Fisherman describes last tragic moments of British journalist before crocodile attack
A Panama village fisherman yesterday explained how he saw one of Britain's top financial journalists waving his hand in distress before being attacked by a crocodile and drowned in a lagoon.
Velupillai Sadanandan, 65, told the police that he was in his fishing hut when he suddenly heard a cry and looked towards the lagoon.
"I shouted to alert the other fishermen and rushed to the location, by that time the tourist had disappeared," he said.
Ampara's Judicial Medical Officer A. Illangovan yesterday returned a verdict that 24- year- old Paul McClean’s death was caused by drowning though there were marks of an attacks of a reptile (crocodile).
The body of Mr McClean was released last evening.
Six Navy men retrieved the body of the Journalist on Friday morning after several attempts were made to locate the body in the lagoon, Navy Media Spokesman Lankanatha Disanayake said.
The horrible tragedy occurred at Panama, six kilometres south of Arugam Bay.
The Navy spokesman said two navy officers and four divers had joined rescue mission the next day morning, towed an anchor connected to a speed boat to get the body out of the mud but they were unsuccessful in the first attempt.
"We took a different approach and the team then circled the boat high speed creating a current to sweep away the mud after confirming the place where the British journalist was last seen,” he said.
The body was found horizontally stuck in eight feet of mud, with the right leg having puncture wounds and the heel twisted.
The body was handed over to Panama police for further investigations and taken to Ampara for the post mortem examination.
A Panama police officer said the tragedy had taken place between 2.30 pm and 3.15 pm on Thursday.
Meanwhile, a British High Commission spokesman said they were in touch with the victim's family.
A surfer explained that the place where the tragedy took place was close to the ‘Crocodile Rock’ which is known to be infested with crocodiles and is usually avoided by the area's people.
He said the British Financial Times journalist had reportedly gone on surfing earlier and returned to the beach and thereafter had gone inland towards the lagoon to relieve himself.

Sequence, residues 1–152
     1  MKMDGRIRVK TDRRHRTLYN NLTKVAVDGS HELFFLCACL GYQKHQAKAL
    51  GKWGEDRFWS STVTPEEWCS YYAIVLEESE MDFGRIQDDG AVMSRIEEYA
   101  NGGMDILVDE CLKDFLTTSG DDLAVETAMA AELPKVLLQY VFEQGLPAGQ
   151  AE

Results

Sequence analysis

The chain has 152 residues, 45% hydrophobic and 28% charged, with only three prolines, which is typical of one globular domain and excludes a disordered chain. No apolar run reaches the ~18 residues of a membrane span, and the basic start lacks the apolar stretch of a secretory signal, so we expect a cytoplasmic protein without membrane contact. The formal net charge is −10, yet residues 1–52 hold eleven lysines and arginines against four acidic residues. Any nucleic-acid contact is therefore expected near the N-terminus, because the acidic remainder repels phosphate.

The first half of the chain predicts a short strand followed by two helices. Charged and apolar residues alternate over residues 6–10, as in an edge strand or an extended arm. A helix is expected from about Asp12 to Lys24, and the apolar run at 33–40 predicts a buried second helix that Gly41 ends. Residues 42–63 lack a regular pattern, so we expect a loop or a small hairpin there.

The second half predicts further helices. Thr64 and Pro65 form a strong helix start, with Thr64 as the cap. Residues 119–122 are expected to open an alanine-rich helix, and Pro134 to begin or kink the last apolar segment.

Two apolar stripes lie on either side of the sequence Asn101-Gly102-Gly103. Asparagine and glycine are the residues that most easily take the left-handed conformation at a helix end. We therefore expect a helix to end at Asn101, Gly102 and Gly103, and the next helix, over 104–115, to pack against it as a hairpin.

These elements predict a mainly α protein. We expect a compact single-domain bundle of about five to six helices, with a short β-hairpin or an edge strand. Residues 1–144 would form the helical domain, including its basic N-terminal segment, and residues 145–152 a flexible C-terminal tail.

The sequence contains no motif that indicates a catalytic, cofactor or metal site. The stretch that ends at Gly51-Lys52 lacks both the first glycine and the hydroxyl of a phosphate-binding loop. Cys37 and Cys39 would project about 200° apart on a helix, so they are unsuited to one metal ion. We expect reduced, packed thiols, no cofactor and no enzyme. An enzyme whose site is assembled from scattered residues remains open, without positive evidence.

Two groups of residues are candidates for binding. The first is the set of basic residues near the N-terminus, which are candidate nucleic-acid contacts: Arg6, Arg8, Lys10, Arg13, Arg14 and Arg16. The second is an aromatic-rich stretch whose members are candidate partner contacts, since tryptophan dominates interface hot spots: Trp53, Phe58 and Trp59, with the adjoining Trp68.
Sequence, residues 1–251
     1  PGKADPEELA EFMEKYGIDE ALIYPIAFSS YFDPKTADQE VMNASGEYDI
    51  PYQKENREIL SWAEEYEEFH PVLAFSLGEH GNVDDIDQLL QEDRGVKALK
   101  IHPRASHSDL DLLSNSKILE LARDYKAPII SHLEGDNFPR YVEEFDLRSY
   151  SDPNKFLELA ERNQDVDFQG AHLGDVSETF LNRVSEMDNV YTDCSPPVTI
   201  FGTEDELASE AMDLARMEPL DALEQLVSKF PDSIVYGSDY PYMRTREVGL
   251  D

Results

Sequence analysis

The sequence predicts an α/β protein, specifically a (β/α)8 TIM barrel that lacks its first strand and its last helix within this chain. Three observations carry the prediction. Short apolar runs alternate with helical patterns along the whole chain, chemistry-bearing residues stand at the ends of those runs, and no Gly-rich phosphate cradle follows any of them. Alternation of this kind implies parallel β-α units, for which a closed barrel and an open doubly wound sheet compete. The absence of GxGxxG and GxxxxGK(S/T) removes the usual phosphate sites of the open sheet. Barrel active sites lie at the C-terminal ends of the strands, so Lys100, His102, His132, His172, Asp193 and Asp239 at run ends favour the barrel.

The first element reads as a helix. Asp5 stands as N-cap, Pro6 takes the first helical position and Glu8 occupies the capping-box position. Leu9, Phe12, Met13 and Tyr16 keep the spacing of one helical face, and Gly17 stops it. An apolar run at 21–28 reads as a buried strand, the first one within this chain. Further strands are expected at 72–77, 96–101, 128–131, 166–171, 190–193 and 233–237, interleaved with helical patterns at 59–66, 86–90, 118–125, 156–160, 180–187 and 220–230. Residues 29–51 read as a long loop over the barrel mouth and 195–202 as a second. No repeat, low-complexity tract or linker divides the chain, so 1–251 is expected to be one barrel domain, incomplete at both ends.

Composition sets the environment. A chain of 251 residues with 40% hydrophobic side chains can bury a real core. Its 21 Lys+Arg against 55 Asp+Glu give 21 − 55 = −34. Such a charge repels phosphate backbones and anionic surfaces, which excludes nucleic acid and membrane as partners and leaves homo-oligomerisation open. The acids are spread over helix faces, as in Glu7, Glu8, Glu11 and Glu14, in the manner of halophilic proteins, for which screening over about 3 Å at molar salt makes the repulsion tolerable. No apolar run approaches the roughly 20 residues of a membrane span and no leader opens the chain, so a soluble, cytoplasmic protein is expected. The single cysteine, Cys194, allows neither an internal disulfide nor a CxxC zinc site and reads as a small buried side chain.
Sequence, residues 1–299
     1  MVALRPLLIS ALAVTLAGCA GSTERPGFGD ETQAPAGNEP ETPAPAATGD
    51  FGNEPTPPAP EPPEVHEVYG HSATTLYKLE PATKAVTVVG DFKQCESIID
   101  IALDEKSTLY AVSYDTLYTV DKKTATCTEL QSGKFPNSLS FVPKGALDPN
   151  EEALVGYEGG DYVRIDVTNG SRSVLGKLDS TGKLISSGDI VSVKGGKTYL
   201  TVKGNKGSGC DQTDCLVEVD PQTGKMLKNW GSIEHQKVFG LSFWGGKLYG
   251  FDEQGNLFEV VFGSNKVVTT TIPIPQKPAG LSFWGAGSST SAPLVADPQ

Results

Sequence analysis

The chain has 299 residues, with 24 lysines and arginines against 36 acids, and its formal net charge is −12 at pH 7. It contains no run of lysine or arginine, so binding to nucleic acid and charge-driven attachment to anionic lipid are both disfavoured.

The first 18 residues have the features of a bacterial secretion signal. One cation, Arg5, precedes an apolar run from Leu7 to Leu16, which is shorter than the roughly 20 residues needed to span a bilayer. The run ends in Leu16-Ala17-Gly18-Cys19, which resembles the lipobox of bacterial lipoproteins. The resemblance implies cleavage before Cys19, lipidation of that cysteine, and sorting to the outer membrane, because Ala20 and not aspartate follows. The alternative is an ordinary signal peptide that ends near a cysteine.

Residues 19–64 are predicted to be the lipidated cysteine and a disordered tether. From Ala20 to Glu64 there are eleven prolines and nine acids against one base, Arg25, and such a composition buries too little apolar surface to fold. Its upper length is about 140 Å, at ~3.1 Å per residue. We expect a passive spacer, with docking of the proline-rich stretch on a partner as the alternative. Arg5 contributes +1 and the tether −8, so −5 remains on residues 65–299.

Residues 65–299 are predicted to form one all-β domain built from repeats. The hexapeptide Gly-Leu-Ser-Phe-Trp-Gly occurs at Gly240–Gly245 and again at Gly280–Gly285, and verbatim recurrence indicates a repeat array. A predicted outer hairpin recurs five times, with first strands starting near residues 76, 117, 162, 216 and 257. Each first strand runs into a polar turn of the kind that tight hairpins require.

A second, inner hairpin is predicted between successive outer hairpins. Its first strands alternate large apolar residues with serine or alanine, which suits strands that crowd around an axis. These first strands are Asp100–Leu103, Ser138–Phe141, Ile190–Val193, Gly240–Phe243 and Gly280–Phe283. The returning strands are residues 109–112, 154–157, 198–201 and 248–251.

He had returned to wash his hands when the crocodile grabbed him.
The surfer said that though politicians claimed money had been allocated to build toilets for the tourists, there were no sanitation facilities.
He said that in future the surfing community would place warning signs at dangerous areas of Arugam Bay to avoid such tragedies. This was the first crocodile attack in the area.
Mr McClean was a journalist at Britain's Financial Times and a graduate of Oxford University.
He joined the FT two years ago under a graduate scheme.
Mr McClean's colleagues sent twitter messages and posted tributes on Facebook in honour of the young journalist.
At the Financial Times, tributes were written by its reporters. One of them, Lionel Barber, said, “Paul was Natural. He had charm curiosity and an atten- tion to detail -- the ingredients for a top reporter. He was family. We will miss him sorely.”
“Our thoughts are with his family, friends and loved ones,” said James Lamont, the FT’s Managing Editor. “We are in touch with them, doing all we can to help during this difficult time.”
The Brussels bureau Chief Alex Barker in his tribute said it was Mr McClean who first worked out exactly how many international treaties Britain would need to renegotiate after Brexit
He also worked in the Paris office of WAN- IFRA as an editorial intern in May 2014. He was in Paris as an Oxford University student on his year abroad -mandatory for Students studying a foreign language.
He worked as a trainee journalist/ blogger writing articles for the WANIFRA blog.
The inquest is due to be held tomorrow.
The lagoon at Panama: Calm waters now flow over a terrible tragedy